To keep up with the Creation Care Commission’s ongoing work, and to view more photos of the work weekend, visit their Facebook page.
GIPL board member Marti Breen (along with GIPL staff) visited Waste Pro’s American Recycling facility and came away with a greater understanding for the recycling process and helpful tips for how to recycle more effectively and efficiently. Here, Marti shares what she learned.
On Friday, February 13th a group of 20+ adults and kids from All Saints Earth Stewards and GIPL visited Waste Pro’s American Recycling facility on Fulton Industrial Blvd. We went to learn what happens to all the contents we place in our blue herbies—the City of Atlanta has a contract with Waste Pro to process our single stream recycling for secondary uses.
“The average American generates 4.4 pounds of trash per day, adding to the grand total of about 251 million tons of trash the United States accumulates per year. American communities recycled and composted nearly 35% of municipal solid waste in 2012, diverting 87 million tons to recovery according to the U.S. EPA.” —via iwanttoberecycled.org
Did you know there is a link between our faith and our trash? Taking a closer look at the things we throw away can illuminate the need to value material possessions and think about how our “things” affect our lives and all of Creation.
Saturday, November 15 is America Recycles Day. Businesses and individuals all over the country will be taking the pledge to make a concerted effort to recycle more, reducing the waste they send to landfills. And it’s the perfect time for your congregation to do the same.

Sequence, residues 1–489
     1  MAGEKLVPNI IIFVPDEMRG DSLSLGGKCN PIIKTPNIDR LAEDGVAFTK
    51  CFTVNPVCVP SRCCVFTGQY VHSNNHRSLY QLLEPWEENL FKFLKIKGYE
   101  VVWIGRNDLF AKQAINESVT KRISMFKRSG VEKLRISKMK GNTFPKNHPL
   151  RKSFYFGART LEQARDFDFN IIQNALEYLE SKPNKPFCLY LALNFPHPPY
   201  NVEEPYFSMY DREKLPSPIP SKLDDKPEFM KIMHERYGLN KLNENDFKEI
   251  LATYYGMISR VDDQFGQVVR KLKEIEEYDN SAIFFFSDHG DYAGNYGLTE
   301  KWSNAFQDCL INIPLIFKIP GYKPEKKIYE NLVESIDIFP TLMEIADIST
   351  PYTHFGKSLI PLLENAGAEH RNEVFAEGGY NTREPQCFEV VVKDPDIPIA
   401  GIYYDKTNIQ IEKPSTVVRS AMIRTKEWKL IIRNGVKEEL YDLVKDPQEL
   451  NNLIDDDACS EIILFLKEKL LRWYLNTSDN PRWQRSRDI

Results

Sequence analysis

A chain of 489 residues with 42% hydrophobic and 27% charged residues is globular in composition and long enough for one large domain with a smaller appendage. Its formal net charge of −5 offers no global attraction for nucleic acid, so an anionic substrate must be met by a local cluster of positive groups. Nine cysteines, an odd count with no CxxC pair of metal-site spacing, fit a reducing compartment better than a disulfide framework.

GIPL’s Waste Wise program helps your congregation rethink its refuse. With our waste audit, we can help identify waste streams and to understand what and how much is being disposed. We can help set up a “Recycle Your Life” event, where you can educate your congregants on the basics of recycling, and provide an opportunity to bring items to be recycled.
Our Waste Wise guide is FREE, and all you have to do is email us and let us know you’d like one. It’s that simple.
Reasons to recycle:
• It conserves natural resources.
Protecting our trees, water, and minerals preserves Creation for future generations.
• It reduces the need for landfills.
When materials are recycled, less waste is sent to disposal facilities.
• It prevents pollution.
The extraction and procession of raw materials produces greenhouse gas emissions, polluting our air.
• It saves energy.
It takes less energy to recycle than to gather and process the raw materials needed to produce new items.
As our Waste Wise guide mentions, Georgia Recycling Coalition is a great place for Georgia residents to find important info, like what you can recycle at the curb, and where to go to recycle the things you can’t.
REduce, REuse, REcycle … and REjoice in the wonderful creation we’ve been given!
Also, REmember: tomorrow in conjunction with America Recycles Day is the Lithonia Farmer’s Market and Recycling Center Launch and the LiveThrive launch of the permanent home of CHaRM—The Center for Hard to Recycle Materials.